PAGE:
Joseph Winston died on April 21, 1815. He was survived by his wife and a number of children. Among them were triplet boys who lived to become a major general, a judge, and a lieutenant governor.
Col. Isaac Shelby was born December 11, 1750, near North Mountain, Md. He was the son of Evan Shelby, who emigrated from Wales to America in 1735. In 1771 the Shelby family moved to the Holston country in Virginia. Here young Shelby acquired the elements of a plain English education and spent much of his time fighting the Indians and the British. Between 1775 and 1780, with rank first of captain and then of major, he explored the wilds of Kentucky.
Shelby is said to have had a sturdy, well-proportioned build with strongly-marked features, and to have been of florid complexion. He had a good constitution that withstood the rigors of frontier life where fatigue and privation were every-day occurrences. His bearing was impressive, and, although he maintained a dignified reserve, he was affable and possessed of a pleasing personality.
He married Susannah Hart on April 19, 1783, at Boonesborough, Ky. The young couple settled on land Shelby had staked out for himself in 1782, when he was a commissioner to adjust pre-emption claims on the Cumberland River. Eleven children were born of their marriage.
Shelby devoted tireless energy to the creation of the New State of Kentucky. With the adoption in 1792 of a State constitution by the convention of which he was a member, his efforts were rewarded. Shortly after, he became the first governor of Kentucky.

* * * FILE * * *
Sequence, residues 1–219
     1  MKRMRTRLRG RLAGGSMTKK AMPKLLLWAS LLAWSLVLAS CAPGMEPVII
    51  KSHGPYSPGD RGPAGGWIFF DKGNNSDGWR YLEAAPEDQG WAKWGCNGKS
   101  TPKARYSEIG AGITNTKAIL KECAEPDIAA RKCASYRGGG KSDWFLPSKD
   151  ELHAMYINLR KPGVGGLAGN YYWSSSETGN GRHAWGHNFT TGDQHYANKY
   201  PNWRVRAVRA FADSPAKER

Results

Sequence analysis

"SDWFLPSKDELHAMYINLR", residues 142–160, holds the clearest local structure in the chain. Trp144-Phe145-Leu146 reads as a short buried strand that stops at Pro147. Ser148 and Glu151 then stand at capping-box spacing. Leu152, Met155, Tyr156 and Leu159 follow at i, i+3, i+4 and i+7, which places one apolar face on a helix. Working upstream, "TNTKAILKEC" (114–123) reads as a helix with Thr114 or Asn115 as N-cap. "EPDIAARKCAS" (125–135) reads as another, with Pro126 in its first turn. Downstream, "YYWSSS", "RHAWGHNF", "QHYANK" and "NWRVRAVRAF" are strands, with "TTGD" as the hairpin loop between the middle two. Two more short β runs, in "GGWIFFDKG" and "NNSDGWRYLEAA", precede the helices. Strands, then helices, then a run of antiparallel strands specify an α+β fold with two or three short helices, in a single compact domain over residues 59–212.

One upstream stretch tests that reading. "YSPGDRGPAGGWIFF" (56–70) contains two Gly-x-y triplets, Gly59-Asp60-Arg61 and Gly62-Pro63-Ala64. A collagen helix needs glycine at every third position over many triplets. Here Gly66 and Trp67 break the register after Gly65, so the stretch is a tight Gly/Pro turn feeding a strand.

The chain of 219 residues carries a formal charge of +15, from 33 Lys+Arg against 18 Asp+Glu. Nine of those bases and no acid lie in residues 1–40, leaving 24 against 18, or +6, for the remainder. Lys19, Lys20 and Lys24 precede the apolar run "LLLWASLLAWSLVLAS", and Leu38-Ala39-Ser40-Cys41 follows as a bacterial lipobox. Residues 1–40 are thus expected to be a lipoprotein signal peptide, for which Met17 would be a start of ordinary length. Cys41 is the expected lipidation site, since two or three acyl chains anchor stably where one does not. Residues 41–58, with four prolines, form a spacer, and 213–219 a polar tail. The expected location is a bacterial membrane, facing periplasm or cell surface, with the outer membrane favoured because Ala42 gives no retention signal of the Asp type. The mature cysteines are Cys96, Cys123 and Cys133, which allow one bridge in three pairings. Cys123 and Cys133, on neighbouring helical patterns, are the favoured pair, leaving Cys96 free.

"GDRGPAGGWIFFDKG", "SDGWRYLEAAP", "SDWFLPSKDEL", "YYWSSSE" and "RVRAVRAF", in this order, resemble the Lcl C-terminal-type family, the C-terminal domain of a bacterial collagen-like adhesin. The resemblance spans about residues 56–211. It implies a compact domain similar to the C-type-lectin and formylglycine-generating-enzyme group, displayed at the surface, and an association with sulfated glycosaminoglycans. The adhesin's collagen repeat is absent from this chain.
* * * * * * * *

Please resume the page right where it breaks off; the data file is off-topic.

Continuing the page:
After Shelby left the governor's mansion, he performed several other public services. Among the most important of these was his command of 4,000 Kentucky volunteers in the American army of Gen. William Henry Harrison, during the Canadian campaign in 1813. He was stricken with paralysis in 1820 and died of apoplexy 6 years later.
Shelby's friend and associate John Sevier (whose name was anglicized from Xavier), likewise was well suited to frontier life. Sevier, born to Valentine and Joana Goode Sevier on September 23, 1745, was of Huguenot ancestry. The Sevier family lived in the Shenandoah Valley of Virginia where they farmed and traded with the Indians.
Sevier received a haphazard education, but this was in keeping with the times. It included schooling at Fredericksburg Academy and the Staunton School. At 16 he left school to marry Sarah Hawkins. About 7 months after her death in 1780, he married Catherine Sherrill, the "Bonny Kate" in song and story of the Tennessee frontier.